A Masonic trestle board is a design board for the Master Workman (Architect) to draw his plans and designs upon to give the workmen an outline of the work to be performed. In today’s terms, we might call it a blueprint.
It is one of the 3 Movable jewels.
A trestle board is a framework consisting of (usually 3) vertical, slanted supports (or legs) with one or more horizontal crosspieces on which to hang or display an item. Today, it is better known as an “easel”.
Some jurisdictions around the world call it a tracing board. It would be somewhat of a “circular logic” task to argue the difference, as, while neither can be fully proven (in historical writings), the “Tracing board” may very well have predeceded (come before) the use of the word “Trestleboard” because lodges in Europe (which pre-date American lodges), use the word “Tracing Board”.
Hiram’s Tracing Board: Hiram Abif’s tracing board is believed to have been made of wood, covered with a coating of wax. Each day he would draw his Master architect’s measurements and symbols into the wax in order to instruct his Master Masons of the work that was to be accomplished.
At the end of the day, he would simply scrape off the wax and pour a new layer of hot wax onto the board to ready it for the next day’s work.
Masonic Tracing Board: Much later, in the days where lodge was held in secret areas and on hills and vales, (valleys) once lodge was in session, the Tiler (or Tyler) would draw an oblong (rectangular) or oblong square depiction (image) into the dirt that represented the form of the lodge.
Again, onto that tracing board was drawn the architect’s plan…the working tools in the degree that was to be worked.
Masonic Trestle Board: Through the years, the Masonic Tracing Board progressed to charcoal or chalk on the floor of taverns where lodges were held back in the 1700s. After the lecture, the Stewards or the Entered Apprentice, as a lesson in secrecy, would get a mop and bucket and remove all trace of these drawings.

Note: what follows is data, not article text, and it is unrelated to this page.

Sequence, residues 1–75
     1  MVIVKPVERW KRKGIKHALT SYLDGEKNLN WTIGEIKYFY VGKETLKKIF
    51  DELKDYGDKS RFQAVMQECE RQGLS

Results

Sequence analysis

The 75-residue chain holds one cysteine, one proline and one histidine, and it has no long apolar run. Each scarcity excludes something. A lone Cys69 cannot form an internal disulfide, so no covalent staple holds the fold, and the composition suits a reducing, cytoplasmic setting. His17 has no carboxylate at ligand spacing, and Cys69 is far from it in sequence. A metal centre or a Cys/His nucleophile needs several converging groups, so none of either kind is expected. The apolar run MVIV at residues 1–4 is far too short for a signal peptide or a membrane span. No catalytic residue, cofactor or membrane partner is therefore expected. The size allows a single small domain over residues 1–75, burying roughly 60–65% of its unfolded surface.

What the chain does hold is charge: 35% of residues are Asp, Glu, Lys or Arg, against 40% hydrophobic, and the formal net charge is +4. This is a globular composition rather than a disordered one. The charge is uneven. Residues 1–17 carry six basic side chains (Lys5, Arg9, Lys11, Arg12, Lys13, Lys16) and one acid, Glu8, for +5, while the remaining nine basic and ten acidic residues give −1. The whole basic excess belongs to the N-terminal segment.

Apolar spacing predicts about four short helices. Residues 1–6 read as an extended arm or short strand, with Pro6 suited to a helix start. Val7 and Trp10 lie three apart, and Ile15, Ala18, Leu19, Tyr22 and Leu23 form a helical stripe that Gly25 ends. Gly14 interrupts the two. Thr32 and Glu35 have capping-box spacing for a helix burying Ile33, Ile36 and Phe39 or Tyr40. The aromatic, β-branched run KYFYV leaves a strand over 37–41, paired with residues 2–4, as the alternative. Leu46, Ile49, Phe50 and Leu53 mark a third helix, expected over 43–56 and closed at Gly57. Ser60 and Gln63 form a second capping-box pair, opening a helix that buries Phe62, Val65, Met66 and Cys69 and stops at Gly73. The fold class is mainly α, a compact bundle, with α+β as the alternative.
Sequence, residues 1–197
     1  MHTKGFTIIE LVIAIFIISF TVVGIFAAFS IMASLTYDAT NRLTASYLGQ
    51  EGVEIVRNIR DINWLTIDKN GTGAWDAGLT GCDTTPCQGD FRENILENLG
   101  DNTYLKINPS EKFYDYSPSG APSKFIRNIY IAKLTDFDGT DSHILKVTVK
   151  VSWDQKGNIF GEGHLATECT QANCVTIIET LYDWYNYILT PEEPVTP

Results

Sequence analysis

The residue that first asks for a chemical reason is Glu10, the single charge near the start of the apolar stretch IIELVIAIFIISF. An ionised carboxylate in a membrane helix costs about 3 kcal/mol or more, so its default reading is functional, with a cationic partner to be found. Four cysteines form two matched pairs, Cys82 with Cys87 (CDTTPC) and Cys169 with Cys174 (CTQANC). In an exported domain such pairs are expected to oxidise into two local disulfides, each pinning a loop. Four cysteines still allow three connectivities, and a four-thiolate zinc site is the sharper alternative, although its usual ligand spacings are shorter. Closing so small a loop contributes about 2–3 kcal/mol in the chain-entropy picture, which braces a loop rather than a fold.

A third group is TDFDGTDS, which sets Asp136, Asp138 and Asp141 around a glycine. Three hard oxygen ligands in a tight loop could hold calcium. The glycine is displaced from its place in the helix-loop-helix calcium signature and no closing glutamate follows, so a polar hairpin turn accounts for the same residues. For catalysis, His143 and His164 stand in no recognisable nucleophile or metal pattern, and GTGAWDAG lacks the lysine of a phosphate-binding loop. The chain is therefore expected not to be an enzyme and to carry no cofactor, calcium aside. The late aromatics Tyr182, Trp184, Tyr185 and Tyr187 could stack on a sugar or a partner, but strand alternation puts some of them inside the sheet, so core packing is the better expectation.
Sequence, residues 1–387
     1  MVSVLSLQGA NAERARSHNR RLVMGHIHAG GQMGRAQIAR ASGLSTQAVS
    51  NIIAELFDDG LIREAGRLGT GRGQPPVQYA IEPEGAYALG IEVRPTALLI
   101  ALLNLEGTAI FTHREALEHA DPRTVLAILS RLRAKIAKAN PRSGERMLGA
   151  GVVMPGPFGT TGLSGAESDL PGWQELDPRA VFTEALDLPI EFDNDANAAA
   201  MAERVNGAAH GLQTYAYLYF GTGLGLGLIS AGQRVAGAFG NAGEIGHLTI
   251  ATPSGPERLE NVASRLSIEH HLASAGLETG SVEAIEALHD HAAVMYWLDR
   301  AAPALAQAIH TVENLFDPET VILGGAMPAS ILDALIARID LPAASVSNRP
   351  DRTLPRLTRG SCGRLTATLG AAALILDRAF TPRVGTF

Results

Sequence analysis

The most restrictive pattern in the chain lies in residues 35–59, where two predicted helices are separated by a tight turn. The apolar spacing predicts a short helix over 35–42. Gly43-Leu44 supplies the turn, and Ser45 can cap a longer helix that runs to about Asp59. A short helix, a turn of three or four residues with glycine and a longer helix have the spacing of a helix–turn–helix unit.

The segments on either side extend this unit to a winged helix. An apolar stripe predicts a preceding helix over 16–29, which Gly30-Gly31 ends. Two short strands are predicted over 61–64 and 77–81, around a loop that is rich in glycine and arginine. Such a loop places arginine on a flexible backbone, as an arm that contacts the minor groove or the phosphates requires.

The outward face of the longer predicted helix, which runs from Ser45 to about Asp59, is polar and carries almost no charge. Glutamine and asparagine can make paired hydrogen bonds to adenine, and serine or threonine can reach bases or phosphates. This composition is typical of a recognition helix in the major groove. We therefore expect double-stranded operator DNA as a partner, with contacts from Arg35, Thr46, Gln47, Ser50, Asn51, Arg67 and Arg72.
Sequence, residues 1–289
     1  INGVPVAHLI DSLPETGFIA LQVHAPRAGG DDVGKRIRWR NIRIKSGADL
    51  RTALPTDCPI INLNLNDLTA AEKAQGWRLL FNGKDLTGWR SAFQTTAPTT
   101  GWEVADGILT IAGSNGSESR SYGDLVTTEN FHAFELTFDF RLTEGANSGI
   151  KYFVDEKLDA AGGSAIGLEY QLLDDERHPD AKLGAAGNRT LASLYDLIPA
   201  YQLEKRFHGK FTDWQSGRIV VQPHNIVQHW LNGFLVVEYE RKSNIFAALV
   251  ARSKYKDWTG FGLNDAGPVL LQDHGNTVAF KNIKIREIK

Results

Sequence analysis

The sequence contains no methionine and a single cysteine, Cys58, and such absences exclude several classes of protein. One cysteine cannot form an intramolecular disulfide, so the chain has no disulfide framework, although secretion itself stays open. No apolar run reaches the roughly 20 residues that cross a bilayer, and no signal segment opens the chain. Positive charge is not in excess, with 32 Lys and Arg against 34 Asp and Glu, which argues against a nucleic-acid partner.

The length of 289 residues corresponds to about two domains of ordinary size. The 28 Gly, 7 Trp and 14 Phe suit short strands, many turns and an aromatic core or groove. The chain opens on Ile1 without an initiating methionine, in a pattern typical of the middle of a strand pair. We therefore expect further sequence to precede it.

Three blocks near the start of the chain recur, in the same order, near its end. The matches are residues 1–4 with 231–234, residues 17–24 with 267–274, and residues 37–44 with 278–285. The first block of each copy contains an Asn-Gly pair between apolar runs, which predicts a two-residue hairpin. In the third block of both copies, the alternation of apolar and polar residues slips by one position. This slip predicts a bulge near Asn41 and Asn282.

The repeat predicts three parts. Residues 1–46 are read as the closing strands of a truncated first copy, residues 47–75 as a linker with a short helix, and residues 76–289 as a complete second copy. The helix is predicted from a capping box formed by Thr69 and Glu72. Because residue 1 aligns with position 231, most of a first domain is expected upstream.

This, obviously, was a somewhat tedious and messy procedure, so cloths or rugs were created which could be laid onto the floor and simply folded up when the lecture was complete.
Later, these cloths (or rugs) were placed onto a table. As time passed, they were finally hung onto an easel…(a trestle board) much like a drawing board at a construction site where each workman could receive clear instruction as to what his specific participation entailed.
When the team’s work was completed, it was obvious that each Master Mason not only understood their specific part in the undertaking, but how their part (no matter how small), contributed to the construction of the entire edifice (building).
The meaning of the words “Nothing further remains to be done, according to ancient custom, except to disarrange our emblems” is a reference to the now antiquated use of these trestle boards (or tracing boards) during which the dirt on the ground was erased or the chalk marks on the floor of these lodges was mopped or scrubbed, to leave no trace of the form of the Lodge or the contents drawn thereon.
The reason why our lines of travel are at right angles within the lodge and thus the reason that we “square” the lodge is a “throwback” to the antiquity of the ritual.
If the brethren were to walk atop the markings made in the dirt on hill and vale; atop the chalk on the floor of the taverns; or tread upon and thus soil the cloths or rugs used to provide the workings of that degree, the message of that lecture which was being worked could be partially or fully destroyed.
Masons Hill and Dale
Therefore, “Squaring the Lodge” in asemi-military-like precision, goes back many centuries as the means of preserving the ritual and the degrees being worked so as not to destroy the symbolism of their markings before their usefulness on that day has been completed.
How old is the use of Tracing Boards?
Click on the link, below, to read about this tracing board which was found during an excavation of the Mount Vesuvius volcano eruption in 79 AD,…1800 years before its discovery in 1874. Masonic scholars note its similarities to today’s Freemasonry trestle boards.
Many modern-day lodges now simply use a bulletin board or electronic newsletter to notify the brethren of a degree which will be worked. Others use PowerPoint or slide presentations.
Low Cost Lodge Website Trestle Board:
One of the easiest ways, today, to notify the majority of the brethren (those with internet access) is to create a website and ask its Webmaster to include an up-to-date calendar.
Free Lodge Website Trestle Board: The least expensive (and easiest) way to create a Lodge Trestle Board is to simply create a lodge e-mail address at Yahoo! (or other provider), e.g. (firstname.lastname@example.org), which comes with a public calendar feature so that those who have internet access may simply click on the URL (address) of the updated calendar to view the time and date of degrees to be performed. (You can make the calendar available publicly and still keep your e-mail information, private).